makekar.bat
-----------
abc2midi %1 %2 -o music.kar
c:\progra~1\vanbas~1\vmidi music.kar

makeps.bat
----------
abcm2ps %1 -e %2 -O music.ps
C:\gstools\gsview\gsview32.exe music.ps

makeabc.bat
-----------
midi2abc %1 -o music.abc

I'm not going to attempt to add scripts for other operating systems and scripting language/software combinations. However, you should be able to use a similar concept (with different scripting language and software paths/names) to get this to work on machines that do not run Windows.

Using SciTE

For a technique that works on multiple operating systems, you can use a cross-platform programmer's editor and invoke the appropraite programs from it. My cross-platform editor of preference is SciTE and I've included some information on how I set up the process to call abc programs on my Scite Tips page.

Finding music

You can search for Karaoke and MIDI files to play at the Van Basco site.

You can run a search for available ABC files at http://ecf-guest.mit.edu/~jc/cgi/abc/findtune. If you find a tune you like, save it as a text file on your computer and make sure the file has the .abc extension.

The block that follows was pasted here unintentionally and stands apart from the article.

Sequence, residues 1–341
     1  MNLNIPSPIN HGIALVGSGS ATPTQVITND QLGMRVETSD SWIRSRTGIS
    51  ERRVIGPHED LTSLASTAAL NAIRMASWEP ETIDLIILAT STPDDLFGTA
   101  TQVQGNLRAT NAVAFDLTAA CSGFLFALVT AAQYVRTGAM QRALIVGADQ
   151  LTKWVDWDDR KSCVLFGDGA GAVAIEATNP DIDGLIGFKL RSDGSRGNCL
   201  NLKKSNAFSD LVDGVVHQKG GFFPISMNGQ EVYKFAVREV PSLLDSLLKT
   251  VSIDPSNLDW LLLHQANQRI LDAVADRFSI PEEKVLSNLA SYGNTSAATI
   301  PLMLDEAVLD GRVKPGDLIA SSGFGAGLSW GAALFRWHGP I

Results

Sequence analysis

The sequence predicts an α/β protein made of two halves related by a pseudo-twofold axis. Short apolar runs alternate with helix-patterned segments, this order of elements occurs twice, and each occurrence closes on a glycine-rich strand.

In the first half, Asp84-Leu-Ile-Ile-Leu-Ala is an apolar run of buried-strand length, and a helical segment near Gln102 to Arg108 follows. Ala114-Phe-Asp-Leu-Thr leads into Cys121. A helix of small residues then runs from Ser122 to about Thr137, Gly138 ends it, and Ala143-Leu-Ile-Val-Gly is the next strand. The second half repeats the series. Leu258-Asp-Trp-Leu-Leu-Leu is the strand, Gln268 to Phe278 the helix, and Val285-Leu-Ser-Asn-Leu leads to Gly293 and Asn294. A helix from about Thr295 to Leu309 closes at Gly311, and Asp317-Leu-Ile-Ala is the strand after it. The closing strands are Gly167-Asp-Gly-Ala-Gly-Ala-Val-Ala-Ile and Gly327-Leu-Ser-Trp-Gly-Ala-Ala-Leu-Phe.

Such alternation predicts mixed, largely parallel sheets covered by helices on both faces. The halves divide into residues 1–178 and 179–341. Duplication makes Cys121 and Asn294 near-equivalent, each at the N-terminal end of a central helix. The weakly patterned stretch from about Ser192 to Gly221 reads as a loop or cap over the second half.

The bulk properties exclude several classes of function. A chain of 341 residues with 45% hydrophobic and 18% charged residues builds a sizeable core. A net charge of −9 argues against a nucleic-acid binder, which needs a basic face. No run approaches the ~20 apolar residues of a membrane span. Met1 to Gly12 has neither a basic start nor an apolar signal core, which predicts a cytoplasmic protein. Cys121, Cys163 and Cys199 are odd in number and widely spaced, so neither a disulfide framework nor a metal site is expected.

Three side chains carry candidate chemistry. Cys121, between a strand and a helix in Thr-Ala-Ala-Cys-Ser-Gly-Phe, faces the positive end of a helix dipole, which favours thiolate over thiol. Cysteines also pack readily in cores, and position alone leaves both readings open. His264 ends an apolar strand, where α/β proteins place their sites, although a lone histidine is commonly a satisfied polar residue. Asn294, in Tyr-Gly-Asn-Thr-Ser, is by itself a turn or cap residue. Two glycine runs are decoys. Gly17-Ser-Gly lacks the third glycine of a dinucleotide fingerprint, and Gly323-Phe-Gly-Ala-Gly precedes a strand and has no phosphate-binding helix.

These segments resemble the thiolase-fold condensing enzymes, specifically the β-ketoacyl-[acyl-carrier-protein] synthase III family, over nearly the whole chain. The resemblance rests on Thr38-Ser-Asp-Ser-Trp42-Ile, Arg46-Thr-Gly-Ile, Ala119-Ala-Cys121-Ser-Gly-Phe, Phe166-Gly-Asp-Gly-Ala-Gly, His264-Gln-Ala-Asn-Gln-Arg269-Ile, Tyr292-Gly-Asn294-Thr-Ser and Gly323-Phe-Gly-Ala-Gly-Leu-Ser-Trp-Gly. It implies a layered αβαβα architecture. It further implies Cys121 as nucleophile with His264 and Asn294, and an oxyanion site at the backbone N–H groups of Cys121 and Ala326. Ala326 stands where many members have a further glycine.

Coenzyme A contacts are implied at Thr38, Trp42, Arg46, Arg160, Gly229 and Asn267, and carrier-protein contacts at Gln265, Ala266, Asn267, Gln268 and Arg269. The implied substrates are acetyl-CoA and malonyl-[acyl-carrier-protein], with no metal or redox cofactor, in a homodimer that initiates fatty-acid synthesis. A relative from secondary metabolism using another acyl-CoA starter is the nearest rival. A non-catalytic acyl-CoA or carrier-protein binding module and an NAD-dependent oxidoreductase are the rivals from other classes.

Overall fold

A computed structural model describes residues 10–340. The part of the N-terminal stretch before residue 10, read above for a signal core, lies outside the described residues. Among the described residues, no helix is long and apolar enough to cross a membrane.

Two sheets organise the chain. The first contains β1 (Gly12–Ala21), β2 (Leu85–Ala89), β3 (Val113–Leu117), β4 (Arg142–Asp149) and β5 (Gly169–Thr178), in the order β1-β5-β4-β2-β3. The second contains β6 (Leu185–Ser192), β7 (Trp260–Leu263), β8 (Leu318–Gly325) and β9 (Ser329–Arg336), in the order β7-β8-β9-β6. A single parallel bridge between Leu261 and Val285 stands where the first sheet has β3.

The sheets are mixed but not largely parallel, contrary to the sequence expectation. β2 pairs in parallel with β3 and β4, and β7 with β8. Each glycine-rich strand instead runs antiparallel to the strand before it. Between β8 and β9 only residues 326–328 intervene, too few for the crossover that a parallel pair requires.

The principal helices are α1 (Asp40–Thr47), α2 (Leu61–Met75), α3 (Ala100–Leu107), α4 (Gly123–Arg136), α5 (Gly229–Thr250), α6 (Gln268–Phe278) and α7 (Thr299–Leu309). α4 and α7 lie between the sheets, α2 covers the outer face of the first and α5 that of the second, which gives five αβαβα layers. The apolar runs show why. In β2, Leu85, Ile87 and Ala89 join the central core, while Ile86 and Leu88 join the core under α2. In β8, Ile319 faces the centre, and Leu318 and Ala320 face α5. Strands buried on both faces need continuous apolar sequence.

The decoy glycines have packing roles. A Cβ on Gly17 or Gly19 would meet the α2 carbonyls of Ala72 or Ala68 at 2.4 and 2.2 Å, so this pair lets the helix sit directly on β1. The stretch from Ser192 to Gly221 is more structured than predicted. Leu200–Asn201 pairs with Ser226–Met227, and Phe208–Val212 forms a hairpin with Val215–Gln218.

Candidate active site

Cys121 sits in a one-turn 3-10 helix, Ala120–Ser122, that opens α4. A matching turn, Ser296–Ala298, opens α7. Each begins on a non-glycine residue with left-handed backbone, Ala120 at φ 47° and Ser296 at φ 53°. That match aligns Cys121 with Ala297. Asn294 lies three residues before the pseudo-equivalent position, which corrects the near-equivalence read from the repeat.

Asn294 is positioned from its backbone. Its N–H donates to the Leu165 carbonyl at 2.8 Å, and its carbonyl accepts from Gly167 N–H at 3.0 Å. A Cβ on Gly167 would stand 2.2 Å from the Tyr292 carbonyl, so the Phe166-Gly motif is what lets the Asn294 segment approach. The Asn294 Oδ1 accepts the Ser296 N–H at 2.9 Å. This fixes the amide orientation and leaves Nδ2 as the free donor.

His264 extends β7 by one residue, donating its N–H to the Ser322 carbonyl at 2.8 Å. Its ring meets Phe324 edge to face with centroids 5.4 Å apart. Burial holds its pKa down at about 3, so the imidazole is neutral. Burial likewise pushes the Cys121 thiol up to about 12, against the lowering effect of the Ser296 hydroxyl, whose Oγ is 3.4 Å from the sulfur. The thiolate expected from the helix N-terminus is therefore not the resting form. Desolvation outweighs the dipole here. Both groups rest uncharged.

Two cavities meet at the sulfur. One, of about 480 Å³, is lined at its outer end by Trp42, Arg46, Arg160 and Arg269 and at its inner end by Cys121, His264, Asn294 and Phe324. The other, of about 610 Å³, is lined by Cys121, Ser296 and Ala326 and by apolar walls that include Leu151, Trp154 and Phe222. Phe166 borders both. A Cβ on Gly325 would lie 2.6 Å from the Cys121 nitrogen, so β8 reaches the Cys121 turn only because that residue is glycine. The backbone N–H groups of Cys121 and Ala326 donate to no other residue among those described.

You can also use the SciTE text editor recommended above or any other text editor to create your own music in ABC notation format. You create the files using ABC notation and then you can convert them with the tools you've just downloaded to MIDI (.mid) or Karaoke MIDI (.kar) files.

Playing ABC notation files

You can play a song by running the batch file and typing the filename and song number on the command line in the directory where you've placed your batch files. Here's an example using the Windows batch files I created.

To play a song:
makekar song.abc 1
To create the notation for a song in postscript:
makeps song.abc 1
To turn a midi file into abc notation:
makeabc music.kar
and the notation will be output to music.abc

You can also use the SciTE editor with ABC customizations to create and play songs in ABC Notation.

ABC notation

If you'd like more information on the ABC notation format and other ABC programs available, the main ABC site is http://www.walshaw.plus.com/abc/.

Other useful programs

Creating your own music recordings

If you'd like to turn you midi composition accomplishments into a CD, there are a few more steps you can add to the process.